This recipe came together as a result of the inventory control I’m practicing (trying to practice!) in my new kitchen.  Lack of cabinets and a smaller fridge make it tricky–they were pretty much full to bursting just with the collections of grains, spices, and condiments that I moved in with.  So when I felt like pesto, I wasn’t going to buy basil, not with the slightly wilted container of arugula in my fridge, and I wasn’t going to buy pine nuts when I had a good handful of walnuts left over from a Peruvian chicken dish (that was really good).  I ended up adding some parsley, too, and the other usual suspects: garlic, olive oil, and Parmesan.  Normally you might mix some Romano in too, but if your arugula (I get the wild/baby type) is as sharp as mine, you’ll want to skip it and stick with Parm to mellow it out a bit.  Just whizz it all together in the food processor, keep tasting, adding, seasoning.  You don’t have to do like me and inadvertently make a giant batch because you keep adding a little more of this and that and then have to add more of this.  But if you do, it will get eaten.

Especially if, like me, you’re out of pasta the next day and force yourself to use what you have to save space, and if what you have is a package of soba, Japanese buckwheat noodles.  I was a bit skeptical, but it turned out much better than with the pasta.  The flavors of the pesto and the soba mix in a really interesting way that’s more complex, and with a bit of chicken (from a leftover roasted chicken with two lemons that I’ve been eating from all week) and an optional crumble of Bulgarian sheep’s milk feta (from my visit to Halime at the Turkish market in the old neighborhood), it makes a very nutritious and satisfying go-to lunch.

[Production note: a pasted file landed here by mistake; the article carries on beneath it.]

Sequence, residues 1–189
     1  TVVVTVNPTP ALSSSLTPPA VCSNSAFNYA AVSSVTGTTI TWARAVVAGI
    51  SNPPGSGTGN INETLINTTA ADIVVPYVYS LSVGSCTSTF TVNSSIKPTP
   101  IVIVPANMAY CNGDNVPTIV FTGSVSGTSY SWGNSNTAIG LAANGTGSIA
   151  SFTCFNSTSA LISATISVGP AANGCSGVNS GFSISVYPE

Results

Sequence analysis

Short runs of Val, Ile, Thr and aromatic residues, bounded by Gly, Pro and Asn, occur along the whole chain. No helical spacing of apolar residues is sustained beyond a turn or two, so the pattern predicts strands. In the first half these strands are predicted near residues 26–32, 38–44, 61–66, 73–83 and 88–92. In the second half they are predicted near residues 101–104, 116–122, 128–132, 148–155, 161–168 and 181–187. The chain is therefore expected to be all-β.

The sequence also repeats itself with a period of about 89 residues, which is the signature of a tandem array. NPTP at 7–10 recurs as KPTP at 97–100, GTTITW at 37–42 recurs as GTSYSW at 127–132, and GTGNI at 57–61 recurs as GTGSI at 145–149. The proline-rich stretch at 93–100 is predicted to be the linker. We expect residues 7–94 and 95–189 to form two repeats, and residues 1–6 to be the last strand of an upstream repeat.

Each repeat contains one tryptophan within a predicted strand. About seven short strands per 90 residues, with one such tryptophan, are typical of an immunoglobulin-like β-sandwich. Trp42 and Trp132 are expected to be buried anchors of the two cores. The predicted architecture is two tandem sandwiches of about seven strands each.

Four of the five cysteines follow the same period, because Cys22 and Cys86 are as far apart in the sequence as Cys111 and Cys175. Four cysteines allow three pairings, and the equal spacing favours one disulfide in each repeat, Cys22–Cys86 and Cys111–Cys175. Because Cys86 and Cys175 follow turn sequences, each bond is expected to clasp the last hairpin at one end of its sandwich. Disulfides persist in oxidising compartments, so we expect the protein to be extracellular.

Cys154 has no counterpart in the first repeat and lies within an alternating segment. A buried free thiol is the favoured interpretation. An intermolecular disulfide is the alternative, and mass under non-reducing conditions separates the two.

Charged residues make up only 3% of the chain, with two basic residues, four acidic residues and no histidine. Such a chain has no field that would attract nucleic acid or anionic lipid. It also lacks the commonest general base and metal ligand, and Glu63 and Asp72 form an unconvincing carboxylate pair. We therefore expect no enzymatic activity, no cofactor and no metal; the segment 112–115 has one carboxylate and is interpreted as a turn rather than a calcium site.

A note on serving temperature.  Soba noodles should be rinsed after cooking, and they are often served cold.  Personally, I like this dish at about room temperature, and the pesto incorporates better if they’re warm, so I’ll rinse the noodles with warm water, return to the pot, mix in the other ingredients and let the cold pesto and chicken from the fridge cool down the noodles to lukewarm.

Now, you can substitute whatever you have in the house, experiment!  But if you replace the arugula with basil, the walnuts with pine nuts, and the soba with pasta, I’m afraid I can’t help you.

In other food news, I’ve joined a local CSA (Community Sponsored Agriculture) and I’ll be picking up my boxes of freshly picked, sustainably grown vegetables starting in June (and fruit, starting in July).  I really look forward to having a defined palette of seasonal ingredients to work from.  It’s like having constraints in graphic design (or any other creative job)–it can be very helpful to the process.